by Leonard E. Lopatin
These two articles were originally published in the Gazette of the Greater Boston Flute Association, and reprinted with their gracious permission.
So, you’ve all been really anxious to read an article in the Gazette about practicing, right? No, huh? Sure, what could be more boring? “But wait!” you say. “There is that piece I’ve been working on and I do seem to be in a bit of a rut. Hmmmm … maybe a new perspective could loosen things up a bit?!” I, for one, find practice boring only if I feel that I’m getting nowhere, but if I make even a small improvement, I feel great about it for quite some time. So each time I speak to you here, I will discuss an approach to a particular problem, talk about my “flute philosophy,” or perhaps question some bit of conventional wisdom.
Let me start with what might seem to be the most obvious thing possible: “One practices to get better.” That is obvious, but the ways in which we can thwart our own efforts may be very subtle and not so easy to see. We’re all human beings and affected by our emotions. I’m sure everyone at some time has taken out his or her flute, played one note, and felt like putting it back in the case. But, if you did, you may have missed an opportunity, an opportunity to work through difficulties, which contributes to our overall goal of continual improvement. This is mostly a mental process. If you know that “one practices to get better” then you realize that there is no need to get discouraged if you sound lousy on your first note (or for your first hour, for that matter). If every day were automatically a “good day” there would be no need for anyone to practice. And realize, too that most improvement is so gradual that you are not aware of it yourself, so, patience is paramount!
Sometimes I start practicing and things don’t feel quite right. But I know from experience that doing the work as I originally planned will help me build strength and stamina, maintain flexibility, and sharpen my ear. On days when things just seem to be coming out right by themselves, I will sound even better as a result of working through the harder times. If, for example, you are working on long tones and you hear that the sound is very breathy, do you simply go through the motions because you feel that you are supposed to? Or do you try to be aware of what you are doing with your embouchure and air stream? I recommend the latter approach. Obvious? Yes, but if you feel discouraged, your choice of approach may be guided by your emotions rather than your mind!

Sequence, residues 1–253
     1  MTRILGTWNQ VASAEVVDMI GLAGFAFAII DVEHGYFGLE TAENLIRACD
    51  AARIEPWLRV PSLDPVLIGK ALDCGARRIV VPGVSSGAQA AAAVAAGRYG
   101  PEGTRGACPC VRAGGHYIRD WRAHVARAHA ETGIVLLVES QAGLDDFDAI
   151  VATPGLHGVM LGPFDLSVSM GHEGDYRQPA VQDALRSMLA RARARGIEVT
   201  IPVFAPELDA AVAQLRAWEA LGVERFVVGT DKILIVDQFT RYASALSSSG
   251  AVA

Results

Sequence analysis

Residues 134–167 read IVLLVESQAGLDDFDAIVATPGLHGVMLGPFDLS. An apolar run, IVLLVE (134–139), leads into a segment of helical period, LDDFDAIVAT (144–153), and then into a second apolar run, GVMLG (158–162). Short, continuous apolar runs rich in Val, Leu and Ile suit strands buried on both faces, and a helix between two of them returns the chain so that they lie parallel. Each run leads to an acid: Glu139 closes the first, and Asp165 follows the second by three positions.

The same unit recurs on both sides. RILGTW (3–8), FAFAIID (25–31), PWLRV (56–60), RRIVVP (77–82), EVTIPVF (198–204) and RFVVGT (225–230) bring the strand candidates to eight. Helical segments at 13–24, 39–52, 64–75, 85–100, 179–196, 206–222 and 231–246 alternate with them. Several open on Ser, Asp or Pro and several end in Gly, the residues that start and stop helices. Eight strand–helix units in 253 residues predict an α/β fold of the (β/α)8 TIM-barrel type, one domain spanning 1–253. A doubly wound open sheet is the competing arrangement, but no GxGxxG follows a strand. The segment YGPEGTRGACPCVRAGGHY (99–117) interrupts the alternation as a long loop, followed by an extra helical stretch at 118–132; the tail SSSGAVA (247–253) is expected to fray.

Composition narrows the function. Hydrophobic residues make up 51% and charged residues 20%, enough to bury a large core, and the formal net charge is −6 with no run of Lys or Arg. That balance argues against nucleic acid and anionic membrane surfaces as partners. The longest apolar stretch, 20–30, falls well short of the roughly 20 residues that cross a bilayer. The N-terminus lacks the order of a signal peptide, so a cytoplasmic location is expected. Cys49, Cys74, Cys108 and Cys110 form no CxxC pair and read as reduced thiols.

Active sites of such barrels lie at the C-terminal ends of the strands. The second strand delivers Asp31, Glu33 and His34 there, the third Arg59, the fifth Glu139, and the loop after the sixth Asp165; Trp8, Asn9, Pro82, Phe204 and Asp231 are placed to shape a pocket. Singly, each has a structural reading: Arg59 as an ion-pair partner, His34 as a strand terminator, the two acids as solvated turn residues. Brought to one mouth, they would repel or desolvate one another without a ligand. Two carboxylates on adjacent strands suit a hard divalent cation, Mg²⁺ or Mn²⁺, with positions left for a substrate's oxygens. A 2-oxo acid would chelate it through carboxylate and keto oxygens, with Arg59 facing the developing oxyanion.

Now suppose you are practicing scales and you know for certain that you can usually play them evenly and smoothly at a certain speed, say mm=138. Today, for reasons unknown, your fingers are not following orders. Here’s what I think: speed is not the problem; control is the problem. So, slowing down is no shame. In fact, it’s the best thing to do. Set your metronome at a tempo that you find presents absolutely no problem (say mm=92), and play your scales. Now try them at the tempo halfway between (112). Then slow down again, only not as much (96). Then at 116, 100, 120, 104, 126, 108, 132, 112, and finally 138. You’re going five steps forward and four steps back, gradually sneaking up on the tempo you want. Try the same type of approach with difficult passages in music you are learning.
The bottom line is: practicing carefully and intelligently on “bad days” can help you have fewer bad days.